FOR years the supermarkets have been trying to convince us that they’re fashionable.
Whether it’s with funky adverts set to popular songs or high profile celebrity endorsements (remember when Naomi Campbell modelled for F&F at Tesco? That didn't last long...), they've continually tried to drum home that it’s cool to pick up an outfit on aisle seven.
Can we look good for under £50?
But how many of us believe them?
Both Tesco and Asda have well established clothing collections that are intended to serve as budget but wearable fashion lines. Still, with Primark flying the flag for high street fast-fashion the supermarkets tend to get overlooked.
So, Body Confidential editor L'Oréal Blackett and prominent Manchester fashion blogger Lauren Cokgúler set F&F at Tesco and George at Asda a challenge: could they make us look good for under £50?
F&F AT TESCO | TOTAL SPEND £34
"I definitely take after my Dad when it comes to bargain hunting. I delight in finding cheaper options of anything and everything; Mum may call us ‘tight’ but I call us ‘sensible’. In particular, there’s nothing I love more than finding a bargain outfit.
"So I was prepped and ready to see what I could grab when I picked up my groceries at Tesco. Their F&F range consists of largely ‘mumsy’ items, including your basics jeans and t-shirt kinda thing. However, in recent years, they have stepped up their game in terms of on-trend pieces, so I was certain I could find something worthy for under £50.
"I already had the ‘suit’ in mind before I’d looked online (disclaimer: their online range is much better than their in store collection - it's also delivered free to your local store). I’m loving the wide-legged, 'all black everything' feel, plus it’s a total classic. I had no problem in finding some wide legged trousers, and even better, I could get them in a tall length. They turned out to be better than I had imagined. At £14, they hang beautifully and sat just on my waist which is super flattering.
"I chose a ruched sleeve basic blazer for the second half of my suit. This was just £20 and you could tell. It’s crepe material, thin and didn’t have much of a shape. However, there were a few more expensive options (around £30) that looked better but didn’t fit into my budget. To be fair, if this outfit was for a one off occasion, and you didn’t want to make an investment in a more tailored fit, then it would do. At £20 you can’t complain, and it is cheaper than the ones in Primark."
"I wore a vest top underneath which was simple enough. I finished the outfit with my favourite shoes and made it more on trend with a £3 neck tie from New Look, which is totally Kimmy K.
"I was impressed with the quality of the clothes for the price, and I must admit, they did have some very SS16 pieces, including some gorgeous pleated wide leg trousers. I’d definitely recommend a peruse on their website, or a quick look when you’re picking up your weekly shop." Lauren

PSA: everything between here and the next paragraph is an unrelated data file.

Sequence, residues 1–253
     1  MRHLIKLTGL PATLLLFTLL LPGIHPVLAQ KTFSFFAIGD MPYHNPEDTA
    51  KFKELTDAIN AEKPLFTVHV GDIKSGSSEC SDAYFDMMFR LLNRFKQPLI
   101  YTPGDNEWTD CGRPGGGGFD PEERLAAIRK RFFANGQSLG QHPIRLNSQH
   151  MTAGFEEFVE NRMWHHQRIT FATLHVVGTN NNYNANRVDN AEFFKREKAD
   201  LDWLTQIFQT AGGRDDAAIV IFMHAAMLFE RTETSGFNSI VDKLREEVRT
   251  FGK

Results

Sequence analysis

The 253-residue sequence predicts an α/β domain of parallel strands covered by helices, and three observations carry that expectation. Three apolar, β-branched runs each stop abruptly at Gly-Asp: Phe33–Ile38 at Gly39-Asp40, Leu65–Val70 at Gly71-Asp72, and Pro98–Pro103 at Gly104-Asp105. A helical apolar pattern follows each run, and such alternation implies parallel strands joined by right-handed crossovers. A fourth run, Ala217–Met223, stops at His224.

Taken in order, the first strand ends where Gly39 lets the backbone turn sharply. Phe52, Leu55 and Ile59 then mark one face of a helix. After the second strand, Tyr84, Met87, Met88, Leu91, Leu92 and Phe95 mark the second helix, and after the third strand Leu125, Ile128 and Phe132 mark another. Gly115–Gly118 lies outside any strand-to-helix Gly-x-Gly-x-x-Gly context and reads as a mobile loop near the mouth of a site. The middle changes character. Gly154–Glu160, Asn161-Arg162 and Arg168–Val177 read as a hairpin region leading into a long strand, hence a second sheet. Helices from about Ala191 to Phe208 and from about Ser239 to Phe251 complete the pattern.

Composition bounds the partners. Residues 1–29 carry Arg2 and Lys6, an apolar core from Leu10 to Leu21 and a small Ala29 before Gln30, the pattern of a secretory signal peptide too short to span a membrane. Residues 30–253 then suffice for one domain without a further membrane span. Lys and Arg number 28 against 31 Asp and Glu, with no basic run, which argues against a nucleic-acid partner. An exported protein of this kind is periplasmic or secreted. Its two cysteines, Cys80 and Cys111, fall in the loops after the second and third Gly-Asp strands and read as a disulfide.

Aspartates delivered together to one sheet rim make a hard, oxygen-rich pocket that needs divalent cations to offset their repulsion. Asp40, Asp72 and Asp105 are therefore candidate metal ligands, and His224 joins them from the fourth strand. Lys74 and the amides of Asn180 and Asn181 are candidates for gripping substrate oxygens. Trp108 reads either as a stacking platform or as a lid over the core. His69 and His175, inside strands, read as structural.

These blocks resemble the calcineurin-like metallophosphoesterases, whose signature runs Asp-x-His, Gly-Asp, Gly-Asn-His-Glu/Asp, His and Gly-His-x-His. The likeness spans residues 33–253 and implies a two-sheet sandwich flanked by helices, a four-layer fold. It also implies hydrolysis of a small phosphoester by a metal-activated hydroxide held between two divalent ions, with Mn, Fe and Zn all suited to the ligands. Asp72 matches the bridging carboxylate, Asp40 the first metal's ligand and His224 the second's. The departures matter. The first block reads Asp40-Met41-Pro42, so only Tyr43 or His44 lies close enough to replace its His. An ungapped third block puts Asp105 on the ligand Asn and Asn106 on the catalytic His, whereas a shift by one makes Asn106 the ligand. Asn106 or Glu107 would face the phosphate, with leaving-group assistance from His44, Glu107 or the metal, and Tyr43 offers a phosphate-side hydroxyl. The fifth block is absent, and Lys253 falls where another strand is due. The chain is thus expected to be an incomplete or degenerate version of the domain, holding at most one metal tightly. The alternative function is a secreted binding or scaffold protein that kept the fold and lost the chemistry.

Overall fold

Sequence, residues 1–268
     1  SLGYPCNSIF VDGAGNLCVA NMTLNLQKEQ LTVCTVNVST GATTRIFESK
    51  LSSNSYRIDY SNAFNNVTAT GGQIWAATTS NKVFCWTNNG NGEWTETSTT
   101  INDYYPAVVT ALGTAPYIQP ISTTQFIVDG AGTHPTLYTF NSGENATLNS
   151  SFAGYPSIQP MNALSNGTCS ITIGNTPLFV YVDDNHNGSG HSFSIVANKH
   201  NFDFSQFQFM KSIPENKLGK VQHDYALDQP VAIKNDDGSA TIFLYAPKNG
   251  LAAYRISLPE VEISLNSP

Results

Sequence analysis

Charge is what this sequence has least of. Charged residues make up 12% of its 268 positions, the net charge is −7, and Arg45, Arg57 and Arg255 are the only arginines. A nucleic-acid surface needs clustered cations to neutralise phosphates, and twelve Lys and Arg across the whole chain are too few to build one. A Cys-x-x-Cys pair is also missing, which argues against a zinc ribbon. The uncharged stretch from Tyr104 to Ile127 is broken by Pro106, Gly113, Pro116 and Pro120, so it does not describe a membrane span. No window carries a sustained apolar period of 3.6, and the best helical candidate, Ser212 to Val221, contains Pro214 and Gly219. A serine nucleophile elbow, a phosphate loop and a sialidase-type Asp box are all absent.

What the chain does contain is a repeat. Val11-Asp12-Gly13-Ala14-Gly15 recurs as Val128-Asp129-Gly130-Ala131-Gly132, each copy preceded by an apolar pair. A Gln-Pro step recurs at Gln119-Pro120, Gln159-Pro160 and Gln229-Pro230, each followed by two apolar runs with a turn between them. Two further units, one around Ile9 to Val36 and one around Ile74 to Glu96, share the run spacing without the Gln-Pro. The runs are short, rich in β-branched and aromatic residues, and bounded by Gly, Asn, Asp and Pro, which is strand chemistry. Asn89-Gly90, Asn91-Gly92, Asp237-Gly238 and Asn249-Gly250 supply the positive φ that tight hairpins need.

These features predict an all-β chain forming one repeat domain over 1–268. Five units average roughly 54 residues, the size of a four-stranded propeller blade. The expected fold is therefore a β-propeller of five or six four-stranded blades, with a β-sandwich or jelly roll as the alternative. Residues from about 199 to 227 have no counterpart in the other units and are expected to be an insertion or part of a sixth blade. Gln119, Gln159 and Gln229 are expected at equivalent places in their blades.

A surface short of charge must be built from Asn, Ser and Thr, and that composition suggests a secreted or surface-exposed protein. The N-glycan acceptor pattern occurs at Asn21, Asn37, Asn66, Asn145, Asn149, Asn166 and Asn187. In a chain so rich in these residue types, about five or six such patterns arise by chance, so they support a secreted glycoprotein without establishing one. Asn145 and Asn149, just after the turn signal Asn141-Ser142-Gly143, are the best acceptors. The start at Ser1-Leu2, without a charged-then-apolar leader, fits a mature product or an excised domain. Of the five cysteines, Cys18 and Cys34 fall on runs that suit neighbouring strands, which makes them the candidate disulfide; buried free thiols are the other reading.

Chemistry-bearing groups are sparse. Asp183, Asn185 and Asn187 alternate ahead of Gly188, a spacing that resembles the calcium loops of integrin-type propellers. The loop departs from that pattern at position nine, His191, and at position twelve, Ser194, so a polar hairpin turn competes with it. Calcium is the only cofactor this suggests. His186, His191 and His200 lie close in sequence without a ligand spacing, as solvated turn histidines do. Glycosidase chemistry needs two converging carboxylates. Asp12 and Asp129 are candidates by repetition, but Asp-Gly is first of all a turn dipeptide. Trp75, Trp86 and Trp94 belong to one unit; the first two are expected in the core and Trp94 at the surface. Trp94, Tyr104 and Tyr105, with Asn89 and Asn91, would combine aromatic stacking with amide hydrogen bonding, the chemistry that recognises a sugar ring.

GEORGE AT ASDA | TOTAL SPEND £18
"Budgets and I don’t usually get along. I’m the type of girl who pops to the shops for some socks and somehow returns with a sequin ball gown and a tiara (and I always forget the damn socks). Without this sounding like a shopaholic confessional, it’s true that I’m single-handedly keeping Zara in business.
"More shopping trips means more reason to learn how to seek out bargains. My personal tips include: only shopping during sales seasons, finding online bargains, visiting vintage fairs and browsing budget stores for fleeting fashion trends.
"But Asda, really? Not my usual haunt.
"Call me uppity, but there’s something quite passé about buying an outfit in the same place you'd buy raw fish. But Asda serves its purpose. After all, my bank balance is more People Like Us than Made In Chelsea - I can't afford to be choosey."
"On my first browse online, I could see that I wasn’t George at Asda’s main clientele. The outfits are more school-run chic than on trendy-wendy.
"For the sake of a challenge, I’ve picked something I wouldn’t normally wear (I don't do florals) but is appropriate for the season. The printed jumpsuit was selling for just £10 (down from £20) so there was no debate whether to purchase or not. The floral pattern is a very chaotic (I screamed 'my eyes!' when I first saw it) but works as a good distractor from wobbly bits. Jumpsuits tend to work for a lot of body types and I can see a lot of women wearing similar prints at the height of spring and summer.
"One problem though: there’s no zip. I nearly dislocated my shoulder putting on this jumpsuit and wouldn’t like to have to wrestle out of this when desperate for wee. I guess zips would have bumped the price up."
"I’ve accessorised with a cute purse which came in at just £8. I paired them with my own strappy sandals to create a sophisticated, feminine and bargain of an outfit.
"What I've learned from this challenge is, with most outfits, it's how you wear it rather than how much it costs. Sure the 'you get what you pay for' adage still rings true, but if you can make a tenner look like fifty quid then you've mastered the art of fashion and dressing. Turn down your nose and seek a bargain in the supermarket aisle. You might be surprised." L'Oréal